1926 letter tells Chief Rabbi to ‘awaken’ Jews on Shechita

1926 letter tells Chief Rabbi to ‘awaken’ Jews on Shechita

A Jerusalem auction house has stumbled across a poignant letter dated 1926 from the Chief Rabbi of Lithuania to the Chief Rabbi of Great Britain asking for help in the fight to protect shechita in Europe.

The note – never before published and written in Hebrew – discusses the threat to shechita from Norway and urges the Chief Rabbi Yosef Zvi Dr. Hertz in London to “awaken” those with influence in the British Jewish community.

The 1926 letter from Chief Rabbi Grodzinski of Lithuania to the Chief Rabbi Hertz in the UK – brought to light by Kedem Auction House

Chaim Ozer Grodzinski, the Chief Rabbi of Vilnius, writes: “I would like to invoke and awaken your attention over the issue of Shechita which was already prohibited in Sweden, and now is up for discussion in Norway.

“The enemies of our people are trying to force us with eating (habits) under the false pretense of animal cruelty pretexts (Tsa’ar Ba’aley Chayim), “and it is said of these people: they offer human sacrifices and kiss (idol) calves” [Hosea, 13:2].”

He adds: “The great politicians in England surely have influence in Norway, therefore I request you to awaken important Jewish individuals who can take steps and who are influential to do all they can do for this matter.”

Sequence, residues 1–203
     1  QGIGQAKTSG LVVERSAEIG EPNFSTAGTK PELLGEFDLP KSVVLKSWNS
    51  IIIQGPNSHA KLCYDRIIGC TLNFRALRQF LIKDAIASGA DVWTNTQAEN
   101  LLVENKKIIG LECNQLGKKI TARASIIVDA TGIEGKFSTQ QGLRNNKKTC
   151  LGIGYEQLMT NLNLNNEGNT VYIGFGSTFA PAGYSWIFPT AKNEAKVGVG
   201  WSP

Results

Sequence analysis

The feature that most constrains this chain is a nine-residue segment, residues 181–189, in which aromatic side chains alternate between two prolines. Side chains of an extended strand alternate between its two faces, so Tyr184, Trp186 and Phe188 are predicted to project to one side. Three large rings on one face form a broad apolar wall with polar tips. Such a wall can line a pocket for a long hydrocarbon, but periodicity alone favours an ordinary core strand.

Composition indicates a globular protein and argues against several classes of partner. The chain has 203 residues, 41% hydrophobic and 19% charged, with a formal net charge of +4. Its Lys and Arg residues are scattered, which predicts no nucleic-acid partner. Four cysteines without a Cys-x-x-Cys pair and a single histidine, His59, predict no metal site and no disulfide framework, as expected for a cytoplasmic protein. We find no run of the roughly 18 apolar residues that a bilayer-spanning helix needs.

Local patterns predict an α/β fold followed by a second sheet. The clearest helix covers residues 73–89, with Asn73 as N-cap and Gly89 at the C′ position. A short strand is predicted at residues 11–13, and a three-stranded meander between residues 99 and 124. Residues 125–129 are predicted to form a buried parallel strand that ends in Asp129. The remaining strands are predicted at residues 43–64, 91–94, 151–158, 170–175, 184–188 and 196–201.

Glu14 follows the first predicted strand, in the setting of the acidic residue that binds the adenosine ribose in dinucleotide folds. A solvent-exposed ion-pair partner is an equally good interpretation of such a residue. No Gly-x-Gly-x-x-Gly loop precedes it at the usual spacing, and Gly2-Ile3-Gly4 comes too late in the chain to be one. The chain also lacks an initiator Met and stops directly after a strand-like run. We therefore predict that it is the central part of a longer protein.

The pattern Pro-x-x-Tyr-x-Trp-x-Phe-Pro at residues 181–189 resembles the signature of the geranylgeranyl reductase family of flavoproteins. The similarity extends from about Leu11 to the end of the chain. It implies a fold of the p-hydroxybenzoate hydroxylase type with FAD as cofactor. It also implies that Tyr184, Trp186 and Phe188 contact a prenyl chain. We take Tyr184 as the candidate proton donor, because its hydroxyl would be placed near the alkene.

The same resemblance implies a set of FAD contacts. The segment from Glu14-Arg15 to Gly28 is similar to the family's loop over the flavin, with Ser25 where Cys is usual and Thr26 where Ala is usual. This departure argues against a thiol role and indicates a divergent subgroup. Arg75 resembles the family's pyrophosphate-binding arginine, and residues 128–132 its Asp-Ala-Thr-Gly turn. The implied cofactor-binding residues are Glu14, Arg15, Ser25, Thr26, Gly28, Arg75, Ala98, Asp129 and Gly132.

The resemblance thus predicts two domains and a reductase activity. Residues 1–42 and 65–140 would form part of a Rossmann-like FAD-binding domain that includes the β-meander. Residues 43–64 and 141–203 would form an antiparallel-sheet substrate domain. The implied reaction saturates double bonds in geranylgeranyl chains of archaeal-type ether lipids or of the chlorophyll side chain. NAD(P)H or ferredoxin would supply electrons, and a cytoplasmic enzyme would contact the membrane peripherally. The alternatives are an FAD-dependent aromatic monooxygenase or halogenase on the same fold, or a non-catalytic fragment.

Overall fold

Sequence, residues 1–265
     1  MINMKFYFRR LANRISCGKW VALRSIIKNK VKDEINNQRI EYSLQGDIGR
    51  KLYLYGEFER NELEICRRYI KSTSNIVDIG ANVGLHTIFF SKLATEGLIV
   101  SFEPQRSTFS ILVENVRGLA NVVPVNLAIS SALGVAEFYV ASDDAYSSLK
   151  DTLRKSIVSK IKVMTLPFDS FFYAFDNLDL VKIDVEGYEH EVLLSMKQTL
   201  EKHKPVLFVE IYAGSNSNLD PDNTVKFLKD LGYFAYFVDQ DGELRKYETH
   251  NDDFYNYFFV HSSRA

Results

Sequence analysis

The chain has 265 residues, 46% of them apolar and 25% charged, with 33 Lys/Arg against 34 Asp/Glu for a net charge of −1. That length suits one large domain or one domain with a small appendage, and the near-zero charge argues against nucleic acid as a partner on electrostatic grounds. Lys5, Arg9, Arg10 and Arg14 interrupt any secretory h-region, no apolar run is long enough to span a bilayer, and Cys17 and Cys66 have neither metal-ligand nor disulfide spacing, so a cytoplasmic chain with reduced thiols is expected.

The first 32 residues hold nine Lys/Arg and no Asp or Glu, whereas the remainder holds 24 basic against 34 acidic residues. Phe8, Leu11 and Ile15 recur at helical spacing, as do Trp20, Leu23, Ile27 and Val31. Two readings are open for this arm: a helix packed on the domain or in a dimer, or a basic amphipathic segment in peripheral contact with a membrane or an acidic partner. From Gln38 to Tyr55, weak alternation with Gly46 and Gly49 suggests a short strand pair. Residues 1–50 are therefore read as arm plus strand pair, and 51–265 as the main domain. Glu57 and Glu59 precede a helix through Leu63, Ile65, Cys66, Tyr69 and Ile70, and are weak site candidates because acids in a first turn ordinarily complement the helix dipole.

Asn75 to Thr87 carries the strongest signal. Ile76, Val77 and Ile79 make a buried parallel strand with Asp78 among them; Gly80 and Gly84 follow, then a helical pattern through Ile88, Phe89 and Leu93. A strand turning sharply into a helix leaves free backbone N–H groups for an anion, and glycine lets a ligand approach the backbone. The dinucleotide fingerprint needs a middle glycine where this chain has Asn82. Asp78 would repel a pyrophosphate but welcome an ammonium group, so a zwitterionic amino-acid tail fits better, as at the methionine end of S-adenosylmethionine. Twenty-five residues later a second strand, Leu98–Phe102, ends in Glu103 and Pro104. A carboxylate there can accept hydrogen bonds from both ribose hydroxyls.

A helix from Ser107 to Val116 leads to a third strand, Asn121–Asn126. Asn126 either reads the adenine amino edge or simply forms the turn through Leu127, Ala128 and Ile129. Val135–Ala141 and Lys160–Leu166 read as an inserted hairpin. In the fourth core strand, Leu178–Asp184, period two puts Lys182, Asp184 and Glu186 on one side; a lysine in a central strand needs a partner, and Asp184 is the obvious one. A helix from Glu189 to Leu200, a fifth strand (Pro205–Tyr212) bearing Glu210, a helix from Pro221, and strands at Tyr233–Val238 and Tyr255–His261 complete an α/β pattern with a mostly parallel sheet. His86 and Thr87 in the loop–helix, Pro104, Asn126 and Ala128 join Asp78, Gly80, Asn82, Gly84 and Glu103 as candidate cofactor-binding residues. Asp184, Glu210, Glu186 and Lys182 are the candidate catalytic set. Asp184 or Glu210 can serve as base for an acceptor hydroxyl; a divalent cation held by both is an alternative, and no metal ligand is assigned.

Between the two World Wars, limitations were imposed on Shechita in various countries across Europe, and Grodzinski’s letter shows the ultimately ill-fated attempt to avoid a similar ban in Norway.

“Grodzinski’s activities in this area have been widely studied by scholars,” says Meron Eren, one of the owners of the Kedem Auction House, which unearthed the find.

“But this newly-found letter attests to the key role Rabbi Hertz and other British officials played in it, using the fact they lived in a country that was repelled by these conspicuous laws… Unfortunately, in this case, there is no happy ending.”

Shechita is still banned in six European countries, namely Norway, Sweden, Switzerland, Luxembourg, Poland and Denmark (and also New Zealand), Kosher Shechita is considered inhuman and thus forbidden.

“Jewish religious authorities have been running this struggle 150 years now,” says Eren. “Its threat still has not yet been lifted.”

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